Sanders urges solidarity against Trump’s “divisive” politics
MANCHESTER, N.H. (AP) — U.S. Sen. Bernie Sanders on Monday urged New Hampshire workers to embrace the labor movement’s principle of solidarity in response to what he called the “divisive” politics of President Donald Trump.
“We will not allow Trump or anyone else to divide us up by the color of our skin, our religion, our nationality, or our sexual orientation,” Sanders said at a Labor Day breakfast organized by the AFL-CIO. “When they divide us up, they win. When we stand together, we win.”
The independent senator from Vermont and former presidential candidate argued that Trump and the Republican-controlled Congress have lost sight of what the American people want. He cited polls that say most Americans support progressive policies like his, including Medicare for all and a $15 minimum wage.
“We have a president and a Congress who do exactly the opposite,” he told roughly 300 workers and activists at St. George Greek Orthodox Cathedral. “They wanted to throw 32 million people off of health care. Our job is to tell them they are on the wrong side of where the American people are.”
And that groundswell against the Republican Party’s platform is growing, he said. A year ago on Labor Day, Sanders came to the same union breakfast to promote his health care and wage policies, which seemed “radical,” he said, even to many Democrats. Now, he noted, his Medicare bill has 30 co-sponsors and communities across the country are raising the minimum wage.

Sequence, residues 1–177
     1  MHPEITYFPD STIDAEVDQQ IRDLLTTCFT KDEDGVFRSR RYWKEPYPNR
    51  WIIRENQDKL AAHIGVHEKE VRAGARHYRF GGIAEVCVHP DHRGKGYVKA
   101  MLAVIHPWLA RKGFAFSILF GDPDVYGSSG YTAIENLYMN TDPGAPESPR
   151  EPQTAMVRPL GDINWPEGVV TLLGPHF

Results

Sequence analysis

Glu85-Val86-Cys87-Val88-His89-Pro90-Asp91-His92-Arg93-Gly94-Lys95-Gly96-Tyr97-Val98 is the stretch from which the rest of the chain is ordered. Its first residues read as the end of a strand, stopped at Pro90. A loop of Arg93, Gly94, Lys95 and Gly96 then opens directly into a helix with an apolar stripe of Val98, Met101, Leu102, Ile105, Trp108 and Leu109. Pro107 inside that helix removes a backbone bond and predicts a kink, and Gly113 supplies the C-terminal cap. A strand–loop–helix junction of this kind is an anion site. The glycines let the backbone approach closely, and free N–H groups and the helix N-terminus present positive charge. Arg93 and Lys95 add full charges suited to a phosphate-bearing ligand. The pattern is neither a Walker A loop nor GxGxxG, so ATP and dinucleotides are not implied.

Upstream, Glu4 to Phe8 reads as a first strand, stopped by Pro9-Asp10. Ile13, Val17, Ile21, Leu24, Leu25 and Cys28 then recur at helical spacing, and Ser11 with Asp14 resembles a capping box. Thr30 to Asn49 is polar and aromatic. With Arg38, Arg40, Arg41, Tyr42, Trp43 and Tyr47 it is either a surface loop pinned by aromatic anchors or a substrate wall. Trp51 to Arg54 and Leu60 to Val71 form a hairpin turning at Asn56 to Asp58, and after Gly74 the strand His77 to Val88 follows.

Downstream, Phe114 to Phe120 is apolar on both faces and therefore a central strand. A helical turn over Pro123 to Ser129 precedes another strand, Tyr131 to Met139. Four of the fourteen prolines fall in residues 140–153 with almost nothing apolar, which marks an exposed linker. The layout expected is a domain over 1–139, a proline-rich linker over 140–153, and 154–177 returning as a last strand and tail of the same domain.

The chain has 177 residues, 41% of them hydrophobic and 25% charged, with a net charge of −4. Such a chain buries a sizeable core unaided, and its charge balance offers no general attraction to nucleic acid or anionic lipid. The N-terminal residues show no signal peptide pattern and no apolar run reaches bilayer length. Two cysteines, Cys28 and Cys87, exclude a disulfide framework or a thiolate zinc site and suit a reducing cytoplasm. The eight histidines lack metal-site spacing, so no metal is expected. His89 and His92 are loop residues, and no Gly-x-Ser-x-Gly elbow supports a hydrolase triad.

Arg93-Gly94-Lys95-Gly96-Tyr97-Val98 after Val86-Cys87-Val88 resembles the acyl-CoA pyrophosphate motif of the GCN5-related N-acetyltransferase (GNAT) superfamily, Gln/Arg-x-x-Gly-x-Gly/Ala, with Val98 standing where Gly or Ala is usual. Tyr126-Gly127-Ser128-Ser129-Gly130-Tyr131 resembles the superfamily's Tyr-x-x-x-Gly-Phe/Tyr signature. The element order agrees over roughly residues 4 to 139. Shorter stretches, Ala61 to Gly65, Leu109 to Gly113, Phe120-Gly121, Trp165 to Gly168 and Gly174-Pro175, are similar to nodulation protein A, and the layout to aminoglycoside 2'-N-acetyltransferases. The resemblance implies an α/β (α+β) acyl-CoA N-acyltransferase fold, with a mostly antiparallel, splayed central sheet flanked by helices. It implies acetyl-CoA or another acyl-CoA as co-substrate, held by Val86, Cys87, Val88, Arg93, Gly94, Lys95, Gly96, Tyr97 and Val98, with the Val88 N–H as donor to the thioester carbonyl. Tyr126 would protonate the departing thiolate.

Sanders, who ran second to Hillary Clinton in the 2016 Democratic presidential primary, did not mention the 2020 race or whether he planned to join it.
Many of New Hampshire’s leading Democrats attended the union breakfast, including U.S. Sens. Jeanne Shaheen and Maggie Hassan.
Shaheen spoke before Sanders and credited unions with having “built the middle class in America.” She attacked Trump, who she said “cuts taxes for his country club buddies and then denies pay raises for federal workers,” and praised union workers for helping last year to defeat a so-called “right-to-work” bill that would have eliminated mandatory dues for non-union workers in New Hampshire.
“You had a plan, you organized, you worked together, you overcame the incumbent governor, and you defeated right to work in New Hampshire,” Shaheen said.
Shaheen, Sanders and many other speakers on Monday lambasted what they saw as a rightward turn in the federal judiciary, saving special ire for Janus v. AFSCME, the Supreme Court decision from June that curbed labor organizations’ ability to collect dues from non-members who benefit from union bargaining.
Sanders also railed against Trump’s latest Supreme Court nominee, Brett Kavanaugh, calling the judge “anti-worker” and “anti-woman.”
Later on Monday, Sanders was scheduled to return to Vermont for events in White River Junction and Middlebury.